One tends to think of Arizona as being a hot dry state, and for much of the state, that’s certainly true. The north-western portion of the state, however, is at quite high elevation, and can receive a fair bit of precipitation (often snow), especially during the winter months.
The major geological feature (and tourist attraction) in this part of the state is the spectacular Grand Canyon. Because I had visited the Grand Canyon just one year earlier, I chose not to revisit it on this trip. Instead, I bypassed it, taking the I-40 freeway directly between Kingman and Flagstaff. The highest elevation on this section of the highway is more than 7300 feet. Flagstaff, where I spent the night, is almost as high, and can get quite cold at this time of year. It was close to freezing when I arrived in the evening.
Heading east from Flagstaff, the land becomes flatter and drier. Normally, there wouldn’t be any significant geological feature in this area. About 50,000 years ago, however, a meteorite – estimated at just 50 meters in diameter – slammed into the Earth here, creating a huge crater, 4000 feet (1200 meters) in diameter. This is probably the most well-known meteor crater on Earth.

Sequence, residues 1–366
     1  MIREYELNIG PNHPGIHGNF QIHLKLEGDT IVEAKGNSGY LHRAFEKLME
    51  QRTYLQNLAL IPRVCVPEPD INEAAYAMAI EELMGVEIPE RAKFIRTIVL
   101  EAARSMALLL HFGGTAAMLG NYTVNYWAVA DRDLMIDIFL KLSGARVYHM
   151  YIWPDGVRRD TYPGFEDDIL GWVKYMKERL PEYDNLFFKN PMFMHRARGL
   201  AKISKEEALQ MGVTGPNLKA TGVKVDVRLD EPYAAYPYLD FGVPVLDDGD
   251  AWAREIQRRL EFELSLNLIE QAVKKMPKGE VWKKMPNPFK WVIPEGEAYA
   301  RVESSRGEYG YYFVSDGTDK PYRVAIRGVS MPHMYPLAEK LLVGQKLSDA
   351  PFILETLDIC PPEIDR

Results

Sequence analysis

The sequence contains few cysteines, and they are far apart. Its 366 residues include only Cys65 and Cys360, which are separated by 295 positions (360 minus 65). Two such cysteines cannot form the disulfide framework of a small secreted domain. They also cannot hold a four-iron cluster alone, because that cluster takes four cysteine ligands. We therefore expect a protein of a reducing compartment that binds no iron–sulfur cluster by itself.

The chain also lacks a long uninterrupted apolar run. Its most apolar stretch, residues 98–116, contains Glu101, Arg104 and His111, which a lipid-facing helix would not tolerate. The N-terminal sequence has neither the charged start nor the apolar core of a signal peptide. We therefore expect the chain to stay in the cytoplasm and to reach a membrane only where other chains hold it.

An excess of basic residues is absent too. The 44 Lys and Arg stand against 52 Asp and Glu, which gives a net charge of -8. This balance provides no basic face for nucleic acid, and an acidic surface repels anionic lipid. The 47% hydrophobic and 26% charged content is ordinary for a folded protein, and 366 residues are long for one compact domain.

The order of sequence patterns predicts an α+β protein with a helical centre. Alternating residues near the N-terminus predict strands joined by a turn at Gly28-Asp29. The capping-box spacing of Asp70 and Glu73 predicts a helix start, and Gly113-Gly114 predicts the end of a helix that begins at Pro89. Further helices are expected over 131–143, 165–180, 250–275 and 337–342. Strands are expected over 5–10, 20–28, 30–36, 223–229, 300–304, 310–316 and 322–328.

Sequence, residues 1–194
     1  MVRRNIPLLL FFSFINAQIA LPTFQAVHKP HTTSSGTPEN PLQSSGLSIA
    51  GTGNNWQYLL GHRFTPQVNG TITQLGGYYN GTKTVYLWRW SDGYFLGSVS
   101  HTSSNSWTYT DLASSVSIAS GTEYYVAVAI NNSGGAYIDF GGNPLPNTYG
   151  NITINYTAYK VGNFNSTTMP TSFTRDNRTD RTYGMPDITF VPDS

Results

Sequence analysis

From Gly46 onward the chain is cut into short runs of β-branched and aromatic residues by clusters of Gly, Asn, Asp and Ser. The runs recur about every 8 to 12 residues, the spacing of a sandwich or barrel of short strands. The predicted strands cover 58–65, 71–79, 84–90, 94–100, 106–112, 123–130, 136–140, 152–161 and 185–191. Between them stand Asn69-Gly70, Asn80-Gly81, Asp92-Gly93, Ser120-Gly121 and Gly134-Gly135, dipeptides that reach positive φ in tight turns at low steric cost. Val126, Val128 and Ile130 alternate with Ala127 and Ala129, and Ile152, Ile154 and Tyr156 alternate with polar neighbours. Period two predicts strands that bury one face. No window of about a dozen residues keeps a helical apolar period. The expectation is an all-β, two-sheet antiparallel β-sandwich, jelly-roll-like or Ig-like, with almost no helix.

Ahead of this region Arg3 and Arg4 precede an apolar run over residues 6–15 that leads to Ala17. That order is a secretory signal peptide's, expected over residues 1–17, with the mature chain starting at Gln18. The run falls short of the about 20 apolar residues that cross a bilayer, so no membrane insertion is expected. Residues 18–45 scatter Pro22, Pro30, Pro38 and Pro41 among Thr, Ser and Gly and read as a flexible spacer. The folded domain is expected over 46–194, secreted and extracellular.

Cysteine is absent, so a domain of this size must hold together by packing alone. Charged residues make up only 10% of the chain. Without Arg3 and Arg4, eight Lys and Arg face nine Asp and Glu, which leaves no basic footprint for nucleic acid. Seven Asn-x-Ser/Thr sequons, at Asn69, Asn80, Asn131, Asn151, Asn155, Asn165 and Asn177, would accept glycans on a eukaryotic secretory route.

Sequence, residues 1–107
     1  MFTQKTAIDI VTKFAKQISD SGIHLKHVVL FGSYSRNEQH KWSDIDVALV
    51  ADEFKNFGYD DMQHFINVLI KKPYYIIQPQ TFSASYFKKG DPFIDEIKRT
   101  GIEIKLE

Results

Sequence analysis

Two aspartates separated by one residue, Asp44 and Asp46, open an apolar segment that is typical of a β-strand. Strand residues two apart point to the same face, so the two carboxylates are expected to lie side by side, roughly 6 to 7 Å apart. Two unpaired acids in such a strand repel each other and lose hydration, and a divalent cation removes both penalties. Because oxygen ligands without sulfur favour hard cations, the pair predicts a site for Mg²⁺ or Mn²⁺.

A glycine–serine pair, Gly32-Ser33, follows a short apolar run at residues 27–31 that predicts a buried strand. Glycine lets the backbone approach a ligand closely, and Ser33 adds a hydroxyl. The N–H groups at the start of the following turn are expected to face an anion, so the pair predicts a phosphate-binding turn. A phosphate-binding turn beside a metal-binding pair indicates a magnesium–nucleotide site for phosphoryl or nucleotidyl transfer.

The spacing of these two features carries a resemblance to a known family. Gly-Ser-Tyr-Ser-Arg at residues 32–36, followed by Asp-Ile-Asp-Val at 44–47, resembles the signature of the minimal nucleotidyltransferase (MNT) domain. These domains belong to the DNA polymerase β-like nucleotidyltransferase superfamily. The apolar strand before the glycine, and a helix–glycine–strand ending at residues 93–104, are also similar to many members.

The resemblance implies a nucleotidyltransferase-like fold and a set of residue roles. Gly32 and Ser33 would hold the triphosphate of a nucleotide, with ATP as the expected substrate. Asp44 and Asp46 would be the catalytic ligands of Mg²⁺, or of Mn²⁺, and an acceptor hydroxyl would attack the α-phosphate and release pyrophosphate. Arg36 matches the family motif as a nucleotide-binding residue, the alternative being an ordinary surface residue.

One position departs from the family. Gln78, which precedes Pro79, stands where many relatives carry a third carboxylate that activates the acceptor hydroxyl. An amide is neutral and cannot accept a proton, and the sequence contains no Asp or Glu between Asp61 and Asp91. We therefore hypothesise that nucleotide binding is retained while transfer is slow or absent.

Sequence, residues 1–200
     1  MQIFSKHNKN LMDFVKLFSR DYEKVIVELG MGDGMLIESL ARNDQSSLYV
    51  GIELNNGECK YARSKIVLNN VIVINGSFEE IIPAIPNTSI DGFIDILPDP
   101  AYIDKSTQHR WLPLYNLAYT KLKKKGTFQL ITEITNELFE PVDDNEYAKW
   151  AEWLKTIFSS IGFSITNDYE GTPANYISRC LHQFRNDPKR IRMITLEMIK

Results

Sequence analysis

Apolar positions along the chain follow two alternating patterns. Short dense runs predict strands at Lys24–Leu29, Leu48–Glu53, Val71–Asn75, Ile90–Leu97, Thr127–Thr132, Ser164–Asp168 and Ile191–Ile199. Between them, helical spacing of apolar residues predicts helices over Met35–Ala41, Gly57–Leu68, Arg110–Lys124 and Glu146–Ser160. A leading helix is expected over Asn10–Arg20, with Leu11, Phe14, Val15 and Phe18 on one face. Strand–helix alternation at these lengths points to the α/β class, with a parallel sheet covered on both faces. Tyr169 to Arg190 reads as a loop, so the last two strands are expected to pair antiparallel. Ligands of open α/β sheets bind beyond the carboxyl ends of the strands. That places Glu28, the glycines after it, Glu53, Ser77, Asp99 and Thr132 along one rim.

Being an astronomy fan, this is a place that I had long wanted to visit, even before coming to the U.S. I have now visited it four times. It’s a fascinating place to visit, even though you are not permitted to hike to the crater floor.
The Interstate 40 freeway follows much of the historic U.S. Route 66, immortalized in the song “(Get Your Kicks On) Route 66“. After the construction of the freeway, many of the towns on Route 66 fell into decline. One such town – just east of the Meteor Crater – is Winslow, which is most well-known by the line “Standin’ on the Corner in Winslow, Arizona” in another song, “Take it Easy“, by the Eagles. When your main claim to fame is a line from a song, you find a way to turn it into a tourist attraction.
Further east is the remarkable Petrified Forest National park – an area of desert strewn with petrified logs. I was surprised by how much of the petrified wood retained the appearance of their original trees. From a distance, they really do look just like logs; not stone.
A little to the northeast is Canyon de Chelly National Monument. (“Chelly” is pronounced “shay”.) Being a National Monument, it is considered to be not quite as significant or noteworthy as a National Park, but, in my opinion, is definitely worthy of National Park status. The park contains not only spectacular scenery, but also the remains of several ancient cliff dwellings (similar to nearby Mesa Verde National Park in Colorado).